At least this new building that’s planned for that corner will have at least some parking. Not that there’s a neighborhood there for the overflow to park in. Dead end street next to it, no parking street in front…yep…that makes sense to someone…not me.

    And climate change is real.

  • j December 23, 2015 (11:01 pm)

    Flash forward to 2025 when we have yet another drought with 50,000 more residents. How much do you think your water bill will be then? You can no longer water your yard, wash your car or let your kids play in the sprinkler.
    You just got fined $75 dollars cause you filled your kiddie pool.
    Can’t wait.

  • MsD December 24, 2015 (12:07 am)

    WSNewbie – drive out the riffraff? Like my former neighbors who kept their reasonably-priced rental properties well-tended and looked out for their neighbors? Yes, so glad the developers came in and evicted them, then let the properties fall into complete disrepair for years. At the current rate, they will be finished building their particle board monstrosities sometime around 2020. All the while trashing the nearby area and making it basically impossible to sell and get the hell out due to the noise, chaos and garbage.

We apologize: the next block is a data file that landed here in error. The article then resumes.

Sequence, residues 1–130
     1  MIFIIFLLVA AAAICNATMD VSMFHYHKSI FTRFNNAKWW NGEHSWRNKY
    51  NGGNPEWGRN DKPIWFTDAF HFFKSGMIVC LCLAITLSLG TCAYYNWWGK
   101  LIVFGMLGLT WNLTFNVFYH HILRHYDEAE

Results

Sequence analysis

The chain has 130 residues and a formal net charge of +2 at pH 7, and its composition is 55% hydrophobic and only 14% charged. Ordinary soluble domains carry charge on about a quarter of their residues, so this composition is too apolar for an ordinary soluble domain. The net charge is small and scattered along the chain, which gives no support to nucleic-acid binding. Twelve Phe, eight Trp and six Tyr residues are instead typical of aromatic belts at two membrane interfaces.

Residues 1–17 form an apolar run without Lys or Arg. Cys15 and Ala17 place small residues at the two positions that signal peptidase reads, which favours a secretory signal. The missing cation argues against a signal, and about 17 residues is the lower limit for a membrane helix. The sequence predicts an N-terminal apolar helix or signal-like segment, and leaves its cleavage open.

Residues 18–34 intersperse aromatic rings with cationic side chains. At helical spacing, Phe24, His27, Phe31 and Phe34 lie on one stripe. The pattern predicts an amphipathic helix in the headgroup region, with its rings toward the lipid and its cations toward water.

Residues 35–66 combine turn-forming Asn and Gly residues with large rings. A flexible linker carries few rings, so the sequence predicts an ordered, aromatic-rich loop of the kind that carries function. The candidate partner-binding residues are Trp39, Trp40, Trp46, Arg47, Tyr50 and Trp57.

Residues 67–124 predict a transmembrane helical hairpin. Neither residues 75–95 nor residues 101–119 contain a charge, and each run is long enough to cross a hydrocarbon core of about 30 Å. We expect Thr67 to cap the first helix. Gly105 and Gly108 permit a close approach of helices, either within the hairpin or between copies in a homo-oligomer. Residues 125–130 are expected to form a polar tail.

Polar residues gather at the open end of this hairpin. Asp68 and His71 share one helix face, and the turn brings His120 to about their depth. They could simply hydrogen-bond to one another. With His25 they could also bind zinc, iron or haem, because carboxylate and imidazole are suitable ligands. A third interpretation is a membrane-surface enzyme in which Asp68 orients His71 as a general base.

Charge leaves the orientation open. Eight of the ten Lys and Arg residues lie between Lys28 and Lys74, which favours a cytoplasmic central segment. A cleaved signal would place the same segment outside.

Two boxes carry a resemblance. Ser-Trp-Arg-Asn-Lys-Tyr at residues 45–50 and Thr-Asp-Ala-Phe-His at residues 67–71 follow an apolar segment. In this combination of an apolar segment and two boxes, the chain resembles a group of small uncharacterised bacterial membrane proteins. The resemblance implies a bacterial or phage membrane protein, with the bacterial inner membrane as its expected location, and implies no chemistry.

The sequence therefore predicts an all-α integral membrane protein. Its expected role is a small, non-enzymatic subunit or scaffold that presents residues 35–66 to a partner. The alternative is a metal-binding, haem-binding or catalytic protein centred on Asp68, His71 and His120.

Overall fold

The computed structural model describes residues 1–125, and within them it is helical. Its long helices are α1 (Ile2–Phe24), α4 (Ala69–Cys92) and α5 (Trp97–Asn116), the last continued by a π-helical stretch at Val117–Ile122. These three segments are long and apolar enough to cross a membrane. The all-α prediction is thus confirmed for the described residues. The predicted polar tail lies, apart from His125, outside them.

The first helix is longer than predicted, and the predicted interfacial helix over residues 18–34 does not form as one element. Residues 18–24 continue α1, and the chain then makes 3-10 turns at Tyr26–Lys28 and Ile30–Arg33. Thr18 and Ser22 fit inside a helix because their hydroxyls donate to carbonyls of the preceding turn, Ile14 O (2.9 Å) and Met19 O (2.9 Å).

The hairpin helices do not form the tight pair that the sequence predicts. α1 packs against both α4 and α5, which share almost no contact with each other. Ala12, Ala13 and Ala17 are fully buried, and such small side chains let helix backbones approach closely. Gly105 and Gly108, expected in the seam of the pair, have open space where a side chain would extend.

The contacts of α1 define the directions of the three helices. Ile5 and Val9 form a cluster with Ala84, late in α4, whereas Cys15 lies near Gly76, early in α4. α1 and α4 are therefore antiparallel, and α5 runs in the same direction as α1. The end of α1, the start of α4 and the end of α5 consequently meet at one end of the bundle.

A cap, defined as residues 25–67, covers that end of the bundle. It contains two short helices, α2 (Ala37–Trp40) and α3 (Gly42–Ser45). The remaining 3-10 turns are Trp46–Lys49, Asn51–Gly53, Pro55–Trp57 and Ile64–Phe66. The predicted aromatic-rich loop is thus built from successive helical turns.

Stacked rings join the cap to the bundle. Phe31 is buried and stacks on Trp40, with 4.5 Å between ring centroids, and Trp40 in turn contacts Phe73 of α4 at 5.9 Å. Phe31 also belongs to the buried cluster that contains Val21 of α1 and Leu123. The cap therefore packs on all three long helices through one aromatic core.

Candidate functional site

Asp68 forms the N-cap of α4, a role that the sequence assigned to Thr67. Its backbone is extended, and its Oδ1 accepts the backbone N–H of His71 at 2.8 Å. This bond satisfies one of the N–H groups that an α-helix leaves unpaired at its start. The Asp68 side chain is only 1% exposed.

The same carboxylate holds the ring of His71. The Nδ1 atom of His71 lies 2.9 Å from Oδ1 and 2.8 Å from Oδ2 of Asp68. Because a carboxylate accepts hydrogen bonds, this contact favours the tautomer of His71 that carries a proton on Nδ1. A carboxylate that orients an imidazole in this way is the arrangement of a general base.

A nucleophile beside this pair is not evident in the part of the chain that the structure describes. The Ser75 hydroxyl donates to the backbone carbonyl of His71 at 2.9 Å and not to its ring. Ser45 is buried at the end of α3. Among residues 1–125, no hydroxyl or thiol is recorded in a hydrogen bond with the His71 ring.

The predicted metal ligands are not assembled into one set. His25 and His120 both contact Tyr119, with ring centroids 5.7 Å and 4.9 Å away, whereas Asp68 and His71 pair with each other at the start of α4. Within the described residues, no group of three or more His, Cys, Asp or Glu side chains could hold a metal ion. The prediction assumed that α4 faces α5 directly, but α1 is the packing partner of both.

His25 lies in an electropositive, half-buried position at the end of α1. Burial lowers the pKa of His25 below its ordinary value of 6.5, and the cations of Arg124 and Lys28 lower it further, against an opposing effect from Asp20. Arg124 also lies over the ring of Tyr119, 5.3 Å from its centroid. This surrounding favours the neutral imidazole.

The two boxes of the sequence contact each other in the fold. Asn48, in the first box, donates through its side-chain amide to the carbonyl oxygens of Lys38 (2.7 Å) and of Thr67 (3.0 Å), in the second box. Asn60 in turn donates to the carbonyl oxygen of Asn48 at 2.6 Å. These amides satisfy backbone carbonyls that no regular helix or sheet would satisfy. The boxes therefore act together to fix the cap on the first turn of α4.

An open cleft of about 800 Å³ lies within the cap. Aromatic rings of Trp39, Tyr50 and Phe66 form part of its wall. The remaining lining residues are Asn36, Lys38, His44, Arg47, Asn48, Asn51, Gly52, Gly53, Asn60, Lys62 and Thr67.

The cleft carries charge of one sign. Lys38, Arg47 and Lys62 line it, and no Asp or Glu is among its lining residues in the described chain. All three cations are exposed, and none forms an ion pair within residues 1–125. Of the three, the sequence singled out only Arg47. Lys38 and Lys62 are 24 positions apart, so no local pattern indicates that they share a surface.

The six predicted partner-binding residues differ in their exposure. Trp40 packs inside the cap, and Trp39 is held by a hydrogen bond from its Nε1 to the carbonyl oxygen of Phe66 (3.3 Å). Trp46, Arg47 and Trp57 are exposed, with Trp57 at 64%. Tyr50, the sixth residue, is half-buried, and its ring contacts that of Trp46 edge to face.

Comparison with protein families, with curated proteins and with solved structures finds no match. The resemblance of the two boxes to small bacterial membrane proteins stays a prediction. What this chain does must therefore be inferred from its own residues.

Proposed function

• Diane December 24, 2015 (1:17 am)

    good catch MsD, and agree; @WSNewbie, “drive out (hopefully) riffraff” is highly offensive; these are our neighbors you’re talking about

  • DJ Allyn December 24, 2015 (4:04 am)

    Slowly, but surely, watching West Seattle succumb to the cancer of “development”.

    It isn’t that I care if a pawn shop disappears, it’s what replaces it that concerns me.

    Have you ever tried to get across the recently “improved” West Seattle bridge during “rush hour”?

    (which is all but about six isolated 30-minute intervals between 6AM and 8PM)

    Now, imagine what happens when you continue to ADD more people, more FAMILIES, to the population.

    But hey, I just sold my home. Nine of my neighbors just sold their homes. I had to. There is NO possible way to sustain property values at this rate.

  • Mary S December 24, 2015 (5:38 am)

    SEVEN stories right there? Holy crap.

  • m December 24, 2015 (6:22 am)

    we should all contact Uber and request they add UberHop routes to West Seattle. That is finally a solution that could remove cars from the road.

  • cratewasher December 24, 2015 (7:22 am)

    We need grocers on the east side of West Seattle.
    And a train from Burien, through White Center to downtown.

  • Wes C. Addle December 24, 2015 (8:11 am)

    I think you’re kind of twisting what Joe said there. He wasn’t objecting to more development. He was arguing the fact that the more supply doesn’t equal higher rent, which is true. However on the other side of the equation I haven’t been seeing rent drop as more and more places are being built which is going to be the big livability problem that we’re going to have to face.